Thursday, August 31, 2006

What'll I Do When You Are Far Away, And I Am Blue?

I discovered today, with some sadness, that Vladimir Tretchikoff, painter of The Chinese Girl, the best-selling print that adorned so many 70's lounge walls, has popped his clogs. A slightly odd admission, perhaps, as I'd not heard of Tretchikoff till I saw his obituary - in fact it wasn't till yesterday it ocurred to me that such a mass production icon was actually painted by a known person (as opposed to, say, a team of kitschnologists in a plant in Taiwan somewhere).
Tretchikoff joins that pantheon of anonymous creators whose work somehow strikes a chord with millions - the other obvious example is Alberto Korda, the Cuban photographer whose photograph of Che Guevara was the basis of the poster that was almost mandatory decoration for student bedsits in the late 60's, and who died in 2001.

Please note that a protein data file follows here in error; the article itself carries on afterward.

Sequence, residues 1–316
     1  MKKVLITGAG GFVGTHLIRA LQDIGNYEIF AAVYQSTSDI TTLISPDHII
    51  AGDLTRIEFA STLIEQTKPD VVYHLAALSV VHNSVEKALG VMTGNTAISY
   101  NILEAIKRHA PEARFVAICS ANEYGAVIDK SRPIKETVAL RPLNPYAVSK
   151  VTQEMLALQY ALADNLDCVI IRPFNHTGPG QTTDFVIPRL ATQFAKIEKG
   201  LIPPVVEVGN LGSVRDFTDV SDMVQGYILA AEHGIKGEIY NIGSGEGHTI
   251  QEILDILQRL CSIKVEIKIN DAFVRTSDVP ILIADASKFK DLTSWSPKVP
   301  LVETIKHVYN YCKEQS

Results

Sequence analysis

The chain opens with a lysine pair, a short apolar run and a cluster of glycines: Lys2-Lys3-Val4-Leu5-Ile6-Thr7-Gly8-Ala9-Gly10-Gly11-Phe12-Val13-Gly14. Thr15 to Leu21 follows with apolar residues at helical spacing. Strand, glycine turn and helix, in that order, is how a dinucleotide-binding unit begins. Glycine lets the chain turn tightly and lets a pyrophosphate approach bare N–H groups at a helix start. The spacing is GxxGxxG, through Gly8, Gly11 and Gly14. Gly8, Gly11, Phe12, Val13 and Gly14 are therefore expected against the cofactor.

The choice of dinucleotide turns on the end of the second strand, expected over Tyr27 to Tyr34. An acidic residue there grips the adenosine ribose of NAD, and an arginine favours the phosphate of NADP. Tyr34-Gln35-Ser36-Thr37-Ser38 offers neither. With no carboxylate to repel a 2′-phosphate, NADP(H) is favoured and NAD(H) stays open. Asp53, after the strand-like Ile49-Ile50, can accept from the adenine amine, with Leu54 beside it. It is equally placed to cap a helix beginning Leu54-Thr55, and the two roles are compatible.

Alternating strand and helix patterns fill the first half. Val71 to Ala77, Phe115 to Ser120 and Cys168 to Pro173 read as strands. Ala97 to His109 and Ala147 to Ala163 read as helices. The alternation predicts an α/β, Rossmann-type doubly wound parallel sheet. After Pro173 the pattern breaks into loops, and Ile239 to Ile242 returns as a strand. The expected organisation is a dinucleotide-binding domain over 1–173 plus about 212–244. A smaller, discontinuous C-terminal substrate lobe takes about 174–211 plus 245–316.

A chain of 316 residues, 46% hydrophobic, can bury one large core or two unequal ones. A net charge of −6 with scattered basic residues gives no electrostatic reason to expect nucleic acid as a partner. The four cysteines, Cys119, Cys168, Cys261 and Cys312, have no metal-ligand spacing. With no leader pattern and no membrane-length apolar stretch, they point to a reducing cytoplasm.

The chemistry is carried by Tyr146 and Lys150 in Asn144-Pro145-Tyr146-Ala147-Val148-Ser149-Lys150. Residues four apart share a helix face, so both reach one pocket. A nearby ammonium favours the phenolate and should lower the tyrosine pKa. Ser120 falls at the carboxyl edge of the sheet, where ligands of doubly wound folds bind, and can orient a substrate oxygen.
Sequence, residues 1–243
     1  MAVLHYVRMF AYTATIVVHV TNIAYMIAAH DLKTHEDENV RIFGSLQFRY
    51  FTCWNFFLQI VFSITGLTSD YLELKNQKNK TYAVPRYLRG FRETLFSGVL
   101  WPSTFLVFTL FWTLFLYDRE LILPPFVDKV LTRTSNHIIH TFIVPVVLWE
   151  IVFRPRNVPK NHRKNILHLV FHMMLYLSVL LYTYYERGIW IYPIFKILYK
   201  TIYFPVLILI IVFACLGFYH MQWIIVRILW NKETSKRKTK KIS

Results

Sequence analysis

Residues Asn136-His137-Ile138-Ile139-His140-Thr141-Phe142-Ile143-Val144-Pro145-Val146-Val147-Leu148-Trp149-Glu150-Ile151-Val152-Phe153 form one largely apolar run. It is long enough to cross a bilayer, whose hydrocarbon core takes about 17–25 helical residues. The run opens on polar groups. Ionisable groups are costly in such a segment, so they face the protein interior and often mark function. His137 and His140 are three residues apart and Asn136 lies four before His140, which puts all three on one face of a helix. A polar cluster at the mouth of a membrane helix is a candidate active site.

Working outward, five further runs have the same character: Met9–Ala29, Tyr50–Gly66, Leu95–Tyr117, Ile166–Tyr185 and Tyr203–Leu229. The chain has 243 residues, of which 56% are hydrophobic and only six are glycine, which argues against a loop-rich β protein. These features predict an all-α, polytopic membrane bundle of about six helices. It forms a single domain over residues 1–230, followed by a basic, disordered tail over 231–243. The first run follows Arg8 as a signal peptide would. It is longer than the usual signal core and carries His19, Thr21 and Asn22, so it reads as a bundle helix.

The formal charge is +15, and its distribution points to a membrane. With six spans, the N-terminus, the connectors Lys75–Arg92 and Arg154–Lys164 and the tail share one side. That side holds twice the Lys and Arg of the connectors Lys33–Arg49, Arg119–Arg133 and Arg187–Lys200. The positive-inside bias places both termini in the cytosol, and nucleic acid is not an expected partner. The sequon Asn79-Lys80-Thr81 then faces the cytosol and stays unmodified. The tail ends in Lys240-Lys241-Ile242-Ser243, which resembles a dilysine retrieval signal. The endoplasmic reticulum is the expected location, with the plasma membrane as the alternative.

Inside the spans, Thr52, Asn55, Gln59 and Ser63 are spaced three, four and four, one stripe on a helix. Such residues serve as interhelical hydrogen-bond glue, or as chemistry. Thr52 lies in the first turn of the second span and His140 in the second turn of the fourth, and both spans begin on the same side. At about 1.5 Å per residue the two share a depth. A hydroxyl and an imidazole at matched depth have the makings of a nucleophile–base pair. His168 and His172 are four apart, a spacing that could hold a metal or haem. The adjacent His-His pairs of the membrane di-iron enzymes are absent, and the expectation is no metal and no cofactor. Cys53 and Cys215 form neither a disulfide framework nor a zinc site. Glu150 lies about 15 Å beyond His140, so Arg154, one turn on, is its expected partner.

I wonder how Tretchikoff saw The Chinese Girl - did he think of it as his best work, or did it eclipse the paintings he was really proud of? Either way, I'll always have a grudging fondness for it, if only because it gives the lie to what my secondary-school art teacher was always telling us - you can go far without learning to mix flesh tones.


Anonymous said...

"you can go far without learning to mix flesh tones."

I always hoped this was true, thank you for bringing me proof.

Anonymous said...

" you can go far without learning to mix flesh tones'

WHAT! - you mean everyone isn't blue?